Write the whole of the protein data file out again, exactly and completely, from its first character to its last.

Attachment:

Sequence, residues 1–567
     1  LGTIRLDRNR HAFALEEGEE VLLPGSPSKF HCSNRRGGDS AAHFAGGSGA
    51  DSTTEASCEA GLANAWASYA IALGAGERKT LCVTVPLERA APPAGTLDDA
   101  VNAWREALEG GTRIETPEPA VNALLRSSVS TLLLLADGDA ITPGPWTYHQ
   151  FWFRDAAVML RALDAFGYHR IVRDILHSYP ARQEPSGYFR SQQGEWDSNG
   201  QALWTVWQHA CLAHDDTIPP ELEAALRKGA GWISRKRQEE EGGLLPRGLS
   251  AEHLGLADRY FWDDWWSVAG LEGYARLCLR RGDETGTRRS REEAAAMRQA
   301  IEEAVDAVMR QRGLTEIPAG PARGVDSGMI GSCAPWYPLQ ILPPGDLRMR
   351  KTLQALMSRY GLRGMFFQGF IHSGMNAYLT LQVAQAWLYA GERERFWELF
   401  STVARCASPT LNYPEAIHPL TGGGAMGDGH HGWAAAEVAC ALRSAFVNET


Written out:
Sequence, residues 1–567
     1  LGTIRLDRNR HAFALEEGEE VLLPGSPSKF HCSNRRGGDS AAHFAGGSGA
    51  DSTTEASCEA GLANAWASYA IALGAGERKT LCVTVPLERA APPAGTLDDA
   101  VNAWREALEG GTRIETPEPA VNALLRSSVS TLLLLADGDA ITPGPWTYHQ
   151  FWFRDAAVML RALDAFGYHR IVRDILHSYP ARQEPSGYFR SQQGEWDSNG
   201  QALWTVWQHA CLAHDDTIPP ELEAALRKGA GWISRKRQEE EGGLLPRGLS
   251  AEHLGLADRY FWDDWWSVAG LEGYARLCLR RGDETGTRRS REEAAAMRQA
   301  IEEAVDAVMR QRGLTEIPAG PARGVDSGMI GSCAPWYPLQ ILPPGDLRMR
   351  KTLQALMSRY GLRGMFFQGF IHSGMNAYLT LQVAQAWLYA GERERFWELF
   401  STVARCASPT LNYPEAIHPL TGGGAMGDGH HGWAAAEVAC ALRSAFVNET